Layers of interbedded sandstone, shale, mudstone, coal, and silt have eroded into an unusual landscape comprised of strange rock formations. Amid these geologic layers, a diverse assemblage of well-preserved fossils (petrified logs, leaves, and turtles to name a few) reveal a slice of Earth’s biological history.

Cultural Significance
Contiguous human occupation in this area dates back over 10,000 years. Diverse cultural resources are present throughout this region of northwestern New Mexico.

These areas are considered part of the greater cultural landscape of the Chaco Culture and hold cultural significance for Puebloan and Dineh peoples, as well.

Wildlife and Habitat
Diverse vegetation combines with rugged terrain to provide habitat for an array of species including turkey, mule deer, black bear, elk, and raptors such as the ferruginous hawk, a candidate endangered species.

Recreational Opportunities
Preserving these lands enhances recreational opportunities for local communities and area visitors and helps retain the unique scenic value of these often surreal landscapes. Activities such as hiking, sightseeing, backpacking, climbing, hunting, camping, birdwatching, and photography could all be enhanced by protection.

Public Involvement is Key!
Federal law requires the BLM to involve the public throughout the planning process. Public scoping for the RMPA occurred from February through May of 2014; the Final Public Scoping Report was released in November of 2014. The Assessment of the Management Situation, which lays the groundwork for the RMPA, was completed in March 2015. At this point in time, the RMPA draft is slated for release in fall of 2016 (note, this is one year later than previous timelines released by the Farmington Field Office). Its release will trigger a 90-day public comment period. This extended timeline provides an excellent opportunity to increase local and national support for protection of these lands. Your help is needed to spread the word about this planning process and recruit supporters for land protection. Add your name HERE to stay updated on Action Alerts.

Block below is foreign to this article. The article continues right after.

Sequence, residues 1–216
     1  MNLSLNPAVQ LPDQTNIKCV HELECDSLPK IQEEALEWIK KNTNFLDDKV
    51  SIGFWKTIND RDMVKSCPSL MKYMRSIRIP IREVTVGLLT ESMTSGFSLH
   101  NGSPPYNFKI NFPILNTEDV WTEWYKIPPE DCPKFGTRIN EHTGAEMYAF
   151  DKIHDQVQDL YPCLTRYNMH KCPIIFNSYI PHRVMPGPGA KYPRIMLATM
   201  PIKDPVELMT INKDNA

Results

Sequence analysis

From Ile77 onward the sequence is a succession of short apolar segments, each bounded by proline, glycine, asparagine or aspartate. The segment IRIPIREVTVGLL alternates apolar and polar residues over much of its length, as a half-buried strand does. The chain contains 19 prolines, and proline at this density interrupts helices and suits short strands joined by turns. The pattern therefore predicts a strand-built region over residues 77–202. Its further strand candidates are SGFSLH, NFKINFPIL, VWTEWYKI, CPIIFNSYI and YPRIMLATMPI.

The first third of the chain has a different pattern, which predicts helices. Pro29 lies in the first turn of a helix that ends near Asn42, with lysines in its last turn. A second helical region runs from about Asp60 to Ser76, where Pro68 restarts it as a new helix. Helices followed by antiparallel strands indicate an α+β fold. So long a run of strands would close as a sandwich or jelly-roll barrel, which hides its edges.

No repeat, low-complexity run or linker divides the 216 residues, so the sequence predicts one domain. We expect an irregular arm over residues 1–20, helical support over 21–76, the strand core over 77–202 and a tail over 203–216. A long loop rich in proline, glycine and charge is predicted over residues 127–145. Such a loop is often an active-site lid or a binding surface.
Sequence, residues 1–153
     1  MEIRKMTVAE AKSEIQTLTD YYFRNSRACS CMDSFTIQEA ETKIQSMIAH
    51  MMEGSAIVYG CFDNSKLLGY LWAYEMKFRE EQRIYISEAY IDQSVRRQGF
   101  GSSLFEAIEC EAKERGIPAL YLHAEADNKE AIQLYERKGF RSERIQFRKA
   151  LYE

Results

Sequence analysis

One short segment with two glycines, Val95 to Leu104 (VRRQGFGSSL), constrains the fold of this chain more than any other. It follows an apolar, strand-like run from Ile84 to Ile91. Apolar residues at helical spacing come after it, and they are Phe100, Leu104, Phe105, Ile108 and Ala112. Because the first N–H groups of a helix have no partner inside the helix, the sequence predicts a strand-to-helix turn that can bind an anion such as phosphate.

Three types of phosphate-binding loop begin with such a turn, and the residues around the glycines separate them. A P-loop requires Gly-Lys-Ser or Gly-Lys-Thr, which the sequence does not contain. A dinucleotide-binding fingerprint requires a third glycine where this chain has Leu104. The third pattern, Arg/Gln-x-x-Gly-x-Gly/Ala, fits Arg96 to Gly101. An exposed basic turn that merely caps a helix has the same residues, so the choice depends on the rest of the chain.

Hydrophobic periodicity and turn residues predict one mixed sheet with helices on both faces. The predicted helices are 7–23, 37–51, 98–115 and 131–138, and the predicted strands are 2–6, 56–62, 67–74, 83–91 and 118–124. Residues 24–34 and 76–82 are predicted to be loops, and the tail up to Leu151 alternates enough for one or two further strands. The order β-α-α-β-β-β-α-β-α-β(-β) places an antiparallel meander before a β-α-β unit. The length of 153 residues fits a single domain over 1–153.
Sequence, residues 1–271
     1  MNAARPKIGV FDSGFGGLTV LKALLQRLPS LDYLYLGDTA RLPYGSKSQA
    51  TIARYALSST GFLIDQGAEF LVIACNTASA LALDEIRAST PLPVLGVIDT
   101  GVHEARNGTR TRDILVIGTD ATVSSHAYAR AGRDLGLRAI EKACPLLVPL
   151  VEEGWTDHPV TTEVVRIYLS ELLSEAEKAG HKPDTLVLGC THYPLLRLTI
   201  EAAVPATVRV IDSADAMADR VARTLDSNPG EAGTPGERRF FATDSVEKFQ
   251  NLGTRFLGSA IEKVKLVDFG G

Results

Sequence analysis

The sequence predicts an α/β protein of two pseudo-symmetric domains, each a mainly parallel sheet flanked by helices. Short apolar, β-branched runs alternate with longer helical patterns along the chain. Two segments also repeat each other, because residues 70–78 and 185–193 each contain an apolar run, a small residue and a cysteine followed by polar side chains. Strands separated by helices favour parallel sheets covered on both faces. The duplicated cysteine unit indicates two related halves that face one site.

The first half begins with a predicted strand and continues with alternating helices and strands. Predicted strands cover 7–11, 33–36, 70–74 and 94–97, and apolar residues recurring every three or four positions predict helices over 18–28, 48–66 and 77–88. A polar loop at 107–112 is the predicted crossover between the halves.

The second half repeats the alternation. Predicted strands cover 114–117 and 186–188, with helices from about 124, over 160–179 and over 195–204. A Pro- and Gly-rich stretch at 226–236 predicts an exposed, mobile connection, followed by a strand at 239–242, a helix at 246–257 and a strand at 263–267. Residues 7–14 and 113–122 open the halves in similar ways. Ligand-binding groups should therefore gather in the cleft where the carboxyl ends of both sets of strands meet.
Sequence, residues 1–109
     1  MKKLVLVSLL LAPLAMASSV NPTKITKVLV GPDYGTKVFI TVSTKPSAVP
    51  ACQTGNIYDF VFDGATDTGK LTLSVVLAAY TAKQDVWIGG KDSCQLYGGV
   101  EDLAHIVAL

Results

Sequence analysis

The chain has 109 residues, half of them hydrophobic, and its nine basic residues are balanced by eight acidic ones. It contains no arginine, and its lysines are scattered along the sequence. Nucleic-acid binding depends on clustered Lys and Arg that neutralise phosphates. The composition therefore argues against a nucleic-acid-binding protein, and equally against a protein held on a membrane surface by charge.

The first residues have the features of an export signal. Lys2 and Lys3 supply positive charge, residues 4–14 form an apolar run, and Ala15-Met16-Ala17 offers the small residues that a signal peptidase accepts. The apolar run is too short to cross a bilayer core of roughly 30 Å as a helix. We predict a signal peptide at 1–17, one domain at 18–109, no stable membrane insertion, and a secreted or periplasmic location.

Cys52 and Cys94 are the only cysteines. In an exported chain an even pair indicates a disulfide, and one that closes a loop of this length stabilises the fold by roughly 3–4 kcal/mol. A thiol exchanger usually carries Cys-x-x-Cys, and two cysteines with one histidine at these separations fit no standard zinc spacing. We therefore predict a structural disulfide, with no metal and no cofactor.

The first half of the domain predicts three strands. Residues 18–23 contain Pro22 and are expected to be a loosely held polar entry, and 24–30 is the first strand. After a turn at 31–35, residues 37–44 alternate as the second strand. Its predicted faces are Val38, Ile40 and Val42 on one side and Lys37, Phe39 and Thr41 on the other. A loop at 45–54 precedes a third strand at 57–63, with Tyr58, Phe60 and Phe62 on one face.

Participate in the Management of YOUR Public Lands
The 90-day public comment period provides an opportunity for YOU to express your concerns about the management guidelines proposed in the RMPA. By law, the BLM must consider and address these concerns in the RMPA finalization process. The Farmington Field Office will also hold a series of public meetings during this time. You can find updated information about the RMPA process on their planning page at http://www.blm.gov/nm/st/en/fo/Farmington_Field_Office/ffo_planning/farmington_rmp/rmpa_mancos.html.

What You Can Do

  • Stay informed via our Farmington Action mailing list. Add your name HERE.
  • Visit the Farmington Field Office Planning page online.
  • Review the posted public documents.
  • When it is released, take time to review the draft RMPA.
  • If you wish to comment, consider attending one of our comment writing workshops. These will be ongoing in the local area throughout the comment period.
  • Attend public meetings to stay informed, learn about the perspectives of community members, and talk directly with BLM personnel.
  • Encourage your friends, family, and larger community to get involved and stay involved. After all, these are OUR public lands!


Tentative Planning Schedule
Fall 2015—Fall 2016: Resource data collection, development of alternatives, and preparation of draft RMPA and draft EIS
Fall 2016: Tentative release of draft RMPA and draft EIS
Fall 2016—Early Winter 2017: Revise RMP and EIS 90-day comment period and public meetings for RMPA and EIS drafts
Winter 2017—Early Winter 2018: Prepare proposed RMPA and Final EIS
Winter 2018: 30-day public review and protest period
Winter—Spring 2018: Finalize RMP with Record of Decision